In a case I’ve been working on for the past few months, I started by showing a 65 year old couple the payouts for a single premium immediate annuity.  In the beginning they could expect to receive 5.3% of the investment as guaranteed annual income for life.  This was back in February when the 10 year treasury was trading at about 1.5%.

As many of you understand, my first objective was to compare the guaranteed income payout to a deferred contract while using free withdrawals to match the income.  With modest growth, you can match income but have a substantial remainder down the road while staying in control of your money the whole time.  It’s so simple that a redneck from Montana can figure it out.

The main point of me suggesting you approach income that way is because most people think rates will rise in the long run.  Payouts increase with age as well so if you defer the income decision there is a high likelihood you will get greater cash flow in the future and quite possibly much greater.  Whether or not it’s the easiest way to do things, it is the most profitable.

As with many people, this couple had a hard time making a decision for several reasons relating to a general skepticism of annuities.  That’s ok because I promote detailed research as the best way to make a decision you can live with.  As time dragged on we entered into some serious economic calamity and interest rates dropped significantly.

Last week, I ran the numbers again and the same couple was now looking at a 4.9% payout from an immediate annuity.  In just two months the payout dropped by a meaningful amount because the ten year treasury had come down by almost a full percent.  When things turn around the exact opposite will happen and you will get paid more for the money you put in.  Or it will take less money upfront to meet the same income goal.

Please don’t argue with me about deferred products or bonus rates and the like.  Waiting to take payments is a lost opportunity cost and with all factors considered the IRR is identical to immediate income payments.  I love to argue so call if you’d like to be proven wrong.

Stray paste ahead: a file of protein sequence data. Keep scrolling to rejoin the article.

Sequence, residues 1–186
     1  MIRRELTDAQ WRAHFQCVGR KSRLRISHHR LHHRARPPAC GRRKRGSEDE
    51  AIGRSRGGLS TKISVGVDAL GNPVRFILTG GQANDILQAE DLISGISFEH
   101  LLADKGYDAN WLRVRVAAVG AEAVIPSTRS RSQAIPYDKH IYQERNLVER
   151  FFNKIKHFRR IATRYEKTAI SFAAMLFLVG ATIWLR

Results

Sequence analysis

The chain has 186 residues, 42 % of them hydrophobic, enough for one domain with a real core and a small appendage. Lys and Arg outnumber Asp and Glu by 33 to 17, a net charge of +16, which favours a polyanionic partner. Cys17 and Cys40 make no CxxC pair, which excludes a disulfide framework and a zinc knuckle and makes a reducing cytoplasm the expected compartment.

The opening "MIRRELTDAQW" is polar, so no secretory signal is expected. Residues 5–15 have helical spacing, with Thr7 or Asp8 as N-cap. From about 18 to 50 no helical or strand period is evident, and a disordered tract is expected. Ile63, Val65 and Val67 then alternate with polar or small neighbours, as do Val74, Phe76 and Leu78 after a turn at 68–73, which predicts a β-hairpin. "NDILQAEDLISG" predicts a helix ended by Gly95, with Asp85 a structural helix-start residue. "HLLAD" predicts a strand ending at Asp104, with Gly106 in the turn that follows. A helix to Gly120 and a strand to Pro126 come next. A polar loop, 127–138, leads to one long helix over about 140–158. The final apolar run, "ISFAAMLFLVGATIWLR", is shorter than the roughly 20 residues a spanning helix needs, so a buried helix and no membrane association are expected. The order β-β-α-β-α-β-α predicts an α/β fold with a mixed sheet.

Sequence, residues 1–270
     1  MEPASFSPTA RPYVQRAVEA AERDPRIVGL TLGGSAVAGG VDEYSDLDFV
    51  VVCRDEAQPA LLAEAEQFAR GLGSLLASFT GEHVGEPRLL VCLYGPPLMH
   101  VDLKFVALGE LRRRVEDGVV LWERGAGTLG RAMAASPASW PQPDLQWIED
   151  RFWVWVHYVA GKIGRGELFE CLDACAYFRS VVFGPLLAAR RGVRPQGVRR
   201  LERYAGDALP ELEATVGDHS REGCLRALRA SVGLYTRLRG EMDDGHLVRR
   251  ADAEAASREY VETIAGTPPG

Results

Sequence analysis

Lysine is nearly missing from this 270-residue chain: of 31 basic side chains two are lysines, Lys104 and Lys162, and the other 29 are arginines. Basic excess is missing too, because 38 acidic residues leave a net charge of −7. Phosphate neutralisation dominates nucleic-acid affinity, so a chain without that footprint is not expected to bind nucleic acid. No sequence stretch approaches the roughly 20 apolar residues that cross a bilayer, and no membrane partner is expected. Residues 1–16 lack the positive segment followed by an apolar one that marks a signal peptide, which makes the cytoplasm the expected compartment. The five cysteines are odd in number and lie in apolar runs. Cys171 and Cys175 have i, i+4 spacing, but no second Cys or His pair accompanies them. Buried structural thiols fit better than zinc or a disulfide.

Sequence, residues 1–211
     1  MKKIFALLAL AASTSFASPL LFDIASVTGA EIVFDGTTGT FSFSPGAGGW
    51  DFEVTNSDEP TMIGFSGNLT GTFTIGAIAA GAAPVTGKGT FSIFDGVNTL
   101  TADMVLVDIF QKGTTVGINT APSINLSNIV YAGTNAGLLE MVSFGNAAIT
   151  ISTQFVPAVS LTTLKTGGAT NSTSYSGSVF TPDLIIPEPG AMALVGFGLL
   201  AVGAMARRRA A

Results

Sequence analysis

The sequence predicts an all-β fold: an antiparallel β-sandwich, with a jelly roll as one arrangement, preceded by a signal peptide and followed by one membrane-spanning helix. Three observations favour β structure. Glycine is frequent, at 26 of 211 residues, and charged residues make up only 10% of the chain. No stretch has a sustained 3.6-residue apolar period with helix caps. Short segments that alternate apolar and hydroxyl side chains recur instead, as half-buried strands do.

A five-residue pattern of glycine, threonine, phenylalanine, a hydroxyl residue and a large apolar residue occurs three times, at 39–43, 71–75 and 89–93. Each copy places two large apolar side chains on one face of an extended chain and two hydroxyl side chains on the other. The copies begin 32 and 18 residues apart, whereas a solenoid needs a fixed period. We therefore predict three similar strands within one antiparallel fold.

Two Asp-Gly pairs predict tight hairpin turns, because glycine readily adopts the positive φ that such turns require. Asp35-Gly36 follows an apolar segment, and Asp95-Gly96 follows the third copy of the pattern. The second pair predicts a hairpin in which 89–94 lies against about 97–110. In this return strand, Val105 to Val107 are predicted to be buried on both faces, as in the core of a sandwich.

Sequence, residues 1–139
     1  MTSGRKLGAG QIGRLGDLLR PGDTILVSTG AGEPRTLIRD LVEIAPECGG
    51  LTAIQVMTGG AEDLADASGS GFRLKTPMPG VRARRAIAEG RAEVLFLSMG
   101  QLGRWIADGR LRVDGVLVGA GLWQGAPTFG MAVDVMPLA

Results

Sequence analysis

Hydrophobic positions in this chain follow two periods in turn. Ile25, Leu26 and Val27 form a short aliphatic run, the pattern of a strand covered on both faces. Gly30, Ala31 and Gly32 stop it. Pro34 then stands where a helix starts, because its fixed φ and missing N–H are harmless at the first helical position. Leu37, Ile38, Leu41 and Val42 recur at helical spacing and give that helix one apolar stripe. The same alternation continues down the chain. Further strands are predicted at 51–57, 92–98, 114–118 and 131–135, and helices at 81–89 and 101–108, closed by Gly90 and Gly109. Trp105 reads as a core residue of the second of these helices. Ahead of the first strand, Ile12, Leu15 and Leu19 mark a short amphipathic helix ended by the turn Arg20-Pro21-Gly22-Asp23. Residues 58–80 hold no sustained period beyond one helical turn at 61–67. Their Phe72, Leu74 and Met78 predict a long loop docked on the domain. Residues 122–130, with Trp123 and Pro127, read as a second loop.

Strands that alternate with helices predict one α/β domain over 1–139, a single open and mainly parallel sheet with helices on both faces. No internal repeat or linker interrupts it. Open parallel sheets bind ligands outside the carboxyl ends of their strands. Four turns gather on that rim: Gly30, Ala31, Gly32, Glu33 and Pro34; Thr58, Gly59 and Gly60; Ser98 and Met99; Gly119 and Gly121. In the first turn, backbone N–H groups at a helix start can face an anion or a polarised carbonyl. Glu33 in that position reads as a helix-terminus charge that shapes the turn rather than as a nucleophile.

Low interest rates are not the problem as commentators will suggest.  You just have to think outside the box and I’m not talking about anything complicated like finding a vaccine for a rapidly mutating virus.  It’s only a matter of a few simple principles that make sense.

A return to normal is the first thing that needs to happen before payouts recover.  Low rates have required the insurance industry to dial back offerings and several companies have been rated with a negative outlook.  That speaks more to company profitability than safety of your money, but such is life for those insurance companies who not only need to protect policyholders but also appease stockholders.

Private companies, however, don’t have to worry about stockholders and can build greater levels of reserves to keep business running smoothly during volatile time periods.  There’s no more magic to it than finding the stock with consistently high dividends.  The ability to reinvest profits without concern for stockholders sets them apart when you find slim pickings elsewhere.  These few companies are currently standing above the crowd with reasonable offers while others are pulling back in order to maintain stock values and financial ratings at the same time.  Where would you rather have your money as we wait for a recovery?

About seven years ago I helped a similar couple find the highest payout for an immediate annuity.  Their annual lifetime income equated to a 7.2% payout of the initial premium.  That amounts to 50% more annual income than the same couple could get today.  Rates don’t have to go to hyper-inflationary levels in order for you to get substantially more income for the money.  Modest growth will keep you in position to capitalize on the opportunity when it becomes too good to pass up.  The right strategy along with the best companies will put you in position to do just that.

I approach things the way I do because of what I’ve seen in the past.  Grow your money safely and access the funds as you see fit.  As conditions change you’ll be in position to make the most of it when the timing is right.  It’s really not that hard to figure out.

Let me know what you think… comment below or send a response to the email.